Can I disable the catalytic converter sensor on my wife's car?

Tester — <font color="blue" face="times><i>"Wouldn't it be easier just to repair the vehicle correctly?"
No. The OP could buy a secondary O2 sensor simulator for under $50 and install it himself in about 10 minutes. The OP wanted to save a few dollars.

My vote would be to fix it right and I’m not a fan of trying to trick the computer.

“The OP wanted to save a few dollars.”

But how much is he going to save, if he misses a CEL that is trying to tell him that something is wrong that could cause expensive damage to the engine. Without a functional CEL how would you know.

If the part cost only $50 and ten minutes time, let’s get it fixed.

The part that REALLY needs fixing is the catalytic converter…$300 and up…

Square wave output from an oxygen sensor?/ NOT! All you need is a simple voltage divider, a resistance bridge to provide the correct voltage to the ECU and the CEL stays off…

Using a spark plug non-fouler to spoof the downstream o2 sensor WILL work for p0420 or other “cat below efficiency” codes in many cases. It’s going to cost you $5, about 20 minutes of work, and it’s a non-electronic solution. However as other folks have mentioned here, it would best to fix the car correctly, including repairing any misfire situation that caused the cat to begin to fail in the first place. It also may be illegal in your state. All of that said, for a borderline cat and a boderline money situation (I was broke when I first got married too), I’d say go for it. I actually still have one on one of my vehicles that has a really sensitive engine management system and my MIL has been off for 3 years+ AND the car still passes the emissions testing in my state all day long with low hydrocarbon and NOX readings. Good luck.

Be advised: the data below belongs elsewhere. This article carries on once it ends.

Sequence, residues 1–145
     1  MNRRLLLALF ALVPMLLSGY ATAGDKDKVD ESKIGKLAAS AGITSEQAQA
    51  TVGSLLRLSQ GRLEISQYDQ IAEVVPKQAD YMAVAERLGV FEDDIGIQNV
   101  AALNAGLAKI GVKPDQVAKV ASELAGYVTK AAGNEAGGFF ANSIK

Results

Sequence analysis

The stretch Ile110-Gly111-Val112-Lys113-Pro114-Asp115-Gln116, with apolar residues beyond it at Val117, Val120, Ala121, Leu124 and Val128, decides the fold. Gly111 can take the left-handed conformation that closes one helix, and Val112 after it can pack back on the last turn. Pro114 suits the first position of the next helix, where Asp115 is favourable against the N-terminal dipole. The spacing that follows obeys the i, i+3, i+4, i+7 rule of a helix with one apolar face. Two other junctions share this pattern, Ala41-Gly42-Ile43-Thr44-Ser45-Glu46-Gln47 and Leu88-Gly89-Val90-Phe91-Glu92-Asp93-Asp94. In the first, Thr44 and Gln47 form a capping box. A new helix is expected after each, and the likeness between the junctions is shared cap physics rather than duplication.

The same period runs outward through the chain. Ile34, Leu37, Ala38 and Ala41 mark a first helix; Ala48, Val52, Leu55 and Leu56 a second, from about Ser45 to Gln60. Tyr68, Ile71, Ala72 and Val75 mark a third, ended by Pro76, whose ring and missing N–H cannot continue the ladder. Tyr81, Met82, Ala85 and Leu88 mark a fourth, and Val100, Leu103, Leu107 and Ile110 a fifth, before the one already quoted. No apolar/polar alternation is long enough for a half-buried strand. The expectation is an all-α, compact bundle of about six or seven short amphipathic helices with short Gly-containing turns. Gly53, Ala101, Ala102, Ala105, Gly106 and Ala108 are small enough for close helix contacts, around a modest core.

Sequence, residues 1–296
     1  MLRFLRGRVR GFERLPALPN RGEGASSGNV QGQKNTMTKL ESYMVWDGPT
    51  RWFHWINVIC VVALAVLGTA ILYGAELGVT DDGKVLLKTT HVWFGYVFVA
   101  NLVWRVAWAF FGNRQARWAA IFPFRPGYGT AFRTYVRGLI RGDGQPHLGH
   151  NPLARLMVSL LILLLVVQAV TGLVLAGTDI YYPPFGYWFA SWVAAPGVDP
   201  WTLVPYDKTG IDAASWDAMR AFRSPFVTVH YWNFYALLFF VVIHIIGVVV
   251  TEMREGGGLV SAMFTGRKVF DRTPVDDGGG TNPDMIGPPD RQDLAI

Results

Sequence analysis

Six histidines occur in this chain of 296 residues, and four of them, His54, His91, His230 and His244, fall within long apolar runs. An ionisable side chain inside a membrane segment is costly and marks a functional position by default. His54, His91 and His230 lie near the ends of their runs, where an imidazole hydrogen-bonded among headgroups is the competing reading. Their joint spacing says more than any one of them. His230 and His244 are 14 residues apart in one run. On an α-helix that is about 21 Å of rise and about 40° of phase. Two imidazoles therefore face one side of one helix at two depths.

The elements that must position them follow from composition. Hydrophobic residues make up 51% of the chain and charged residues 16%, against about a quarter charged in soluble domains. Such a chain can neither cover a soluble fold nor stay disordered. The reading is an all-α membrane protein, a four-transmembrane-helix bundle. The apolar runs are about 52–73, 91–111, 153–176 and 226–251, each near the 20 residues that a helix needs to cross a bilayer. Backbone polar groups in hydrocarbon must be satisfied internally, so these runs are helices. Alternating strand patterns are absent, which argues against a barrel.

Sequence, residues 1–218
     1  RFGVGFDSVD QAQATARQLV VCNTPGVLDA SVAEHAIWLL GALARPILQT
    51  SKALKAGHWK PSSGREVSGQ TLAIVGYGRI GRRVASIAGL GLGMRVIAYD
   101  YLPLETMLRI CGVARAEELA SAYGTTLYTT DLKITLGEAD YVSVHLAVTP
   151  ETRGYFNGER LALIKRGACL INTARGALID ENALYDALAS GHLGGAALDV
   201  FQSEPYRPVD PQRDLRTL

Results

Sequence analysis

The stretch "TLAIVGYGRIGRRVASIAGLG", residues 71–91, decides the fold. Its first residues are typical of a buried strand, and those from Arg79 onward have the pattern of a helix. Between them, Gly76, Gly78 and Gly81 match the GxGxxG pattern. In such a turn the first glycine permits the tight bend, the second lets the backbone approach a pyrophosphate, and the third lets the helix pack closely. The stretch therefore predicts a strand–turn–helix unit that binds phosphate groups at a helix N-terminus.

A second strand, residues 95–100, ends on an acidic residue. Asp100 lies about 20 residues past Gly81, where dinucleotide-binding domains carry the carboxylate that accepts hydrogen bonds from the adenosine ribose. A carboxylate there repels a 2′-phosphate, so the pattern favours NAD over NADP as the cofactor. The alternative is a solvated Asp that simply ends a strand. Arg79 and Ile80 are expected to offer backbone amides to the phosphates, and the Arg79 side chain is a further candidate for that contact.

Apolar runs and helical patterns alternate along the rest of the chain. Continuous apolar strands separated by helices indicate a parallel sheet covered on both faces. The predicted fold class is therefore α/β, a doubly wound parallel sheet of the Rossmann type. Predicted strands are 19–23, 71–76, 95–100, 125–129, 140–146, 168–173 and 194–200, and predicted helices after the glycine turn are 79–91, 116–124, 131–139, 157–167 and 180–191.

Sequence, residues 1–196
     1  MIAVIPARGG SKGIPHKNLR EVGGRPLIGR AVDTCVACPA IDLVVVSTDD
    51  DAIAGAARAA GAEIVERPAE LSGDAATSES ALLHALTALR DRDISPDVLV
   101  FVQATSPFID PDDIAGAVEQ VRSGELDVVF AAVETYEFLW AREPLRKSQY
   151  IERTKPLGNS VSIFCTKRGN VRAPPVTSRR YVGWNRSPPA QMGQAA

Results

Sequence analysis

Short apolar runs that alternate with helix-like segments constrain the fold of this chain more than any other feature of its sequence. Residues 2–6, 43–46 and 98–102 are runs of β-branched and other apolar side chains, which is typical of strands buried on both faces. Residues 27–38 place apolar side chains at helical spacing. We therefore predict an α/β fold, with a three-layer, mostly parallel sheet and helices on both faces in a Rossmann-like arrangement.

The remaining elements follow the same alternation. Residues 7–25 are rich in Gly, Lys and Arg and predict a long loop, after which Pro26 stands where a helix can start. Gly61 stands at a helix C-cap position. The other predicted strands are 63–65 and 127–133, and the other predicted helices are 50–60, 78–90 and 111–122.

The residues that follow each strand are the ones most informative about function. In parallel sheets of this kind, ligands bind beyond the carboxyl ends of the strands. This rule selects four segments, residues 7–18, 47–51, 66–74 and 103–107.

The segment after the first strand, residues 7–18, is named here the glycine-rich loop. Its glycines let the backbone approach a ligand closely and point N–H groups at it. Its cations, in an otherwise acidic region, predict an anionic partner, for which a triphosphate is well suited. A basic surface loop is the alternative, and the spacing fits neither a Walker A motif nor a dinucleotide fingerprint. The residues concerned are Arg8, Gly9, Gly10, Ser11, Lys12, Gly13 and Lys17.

Well, I put my wife’s car on the scantool the other day and read the codes. It was the “cat below efficiency” that kicked the code, but then I watched the waveforms from the O2 sensors and recorded the numbers to look up later on the internet at the site that “mountainbike” mentioned. This was very helpful, as the upstream sensor waves were lazy and inconsistent even when the car was well warmed up. They never did reach higher than 85 mv or lower than 13 mv. Sometimes they would flatten out for a little bit. The downstream one I may wait to replace till I see if the waveforms become regular and help the lower one to perform better if the cat is working. Anyway, I’ve decided that considering the miles on the car, I should change them just for maintenance. The CEL has stayed off for over a week now. I’ve sure learned a lot about this from all you people.